Morrison makes formal bid.
Supermarket group Wm Morrison has formally made its pounds 2.4 billion offer for rival Safeway, and strongly urged shareholders on both sides to accept.
Setting the regulatory clock ticking in a six-way takeover battle, Morrison yesterday published its official offer document, outlining its all-share proposal.
It came three weeks after the Northern group sparked one of the most intense and intriguing bid battles in the history of UK retailing, with its then agreed bid. Morrisons said it viewed the acquisition of Safeway and its ten per cent market share is a rare opportunity for expansion in an industry governed by strict planning laws.
However, Safeway, the country's fourth biggest grocery chain, has since turned its back on Morrisons to await the outcome of any referral by the Office of Fair Trading to the Competition Commission.
Under British takeover rules, Safeway must now publish a response to the Morrison offer document within 14 days.
Morrison has an initial 60 days to wrap up a deal - but if it is trumped by a formal counter offer, that timetable is likely to be stretched much further.
Executive chairman Ken Morrison said: 'Despite the expressions of interest made by others, the Morrisons offer is still the only one on the table.'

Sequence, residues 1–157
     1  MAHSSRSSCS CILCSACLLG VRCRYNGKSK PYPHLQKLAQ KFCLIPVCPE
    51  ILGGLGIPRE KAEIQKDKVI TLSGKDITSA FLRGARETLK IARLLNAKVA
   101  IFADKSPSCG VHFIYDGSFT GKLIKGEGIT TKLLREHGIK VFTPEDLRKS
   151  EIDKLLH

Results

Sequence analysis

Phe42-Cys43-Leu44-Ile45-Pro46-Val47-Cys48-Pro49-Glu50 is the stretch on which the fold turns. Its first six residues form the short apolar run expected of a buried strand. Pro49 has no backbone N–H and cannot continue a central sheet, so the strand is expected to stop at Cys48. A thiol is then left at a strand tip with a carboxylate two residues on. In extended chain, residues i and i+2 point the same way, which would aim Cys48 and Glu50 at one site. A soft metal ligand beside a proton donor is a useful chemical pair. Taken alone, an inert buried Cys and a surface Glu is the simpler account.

Morrisons' offer identifies pounds 150 million of savings through the deal as well as a pounds 100 million improvement in trading by 2007.
Safeway initially recommended Morrison's bid when it was announced on January 9 but dropped its backing after five other potential buyers stepped forward and said they were considering or planned to table offers.
Morrison is up against retail entrepreneur Philip Green, one of the favourites who is expected to make a cash offer of about pounds 3.2 billion.
However, Green suffered a setback in his plans on Tuesday following news that the competition watchdog had asked him to make a formal application.
Morrisons is also competing with US corporate buyout firm Kohlberg Kravis Roberts & Co, supermarket titans Tesco and Sainsbury - who are offering a mix of cash and shares - and US retailer Wal-Mart's British supermarket unit ASDA.
Morrison shares closed down 9 1 /2p on Thursday at 158 1 /2p, valuing its paper bid at pounds 2.35 billion. But Safeway trades at a market value of pounds 3.35 billion, suggesting investors believe Morrison's bid is only the opening shot in a bidding war. Safeway closed up 2p at 318p while Tesco was down 1p at 165 1 /2p and Sainsbury down 2 1 /2p at 235 1 /4p.
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|Publication:||The Birmingham Post (England)|
|Date:||Feb 1, 2003|
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|Next Article:||Business Digest.|
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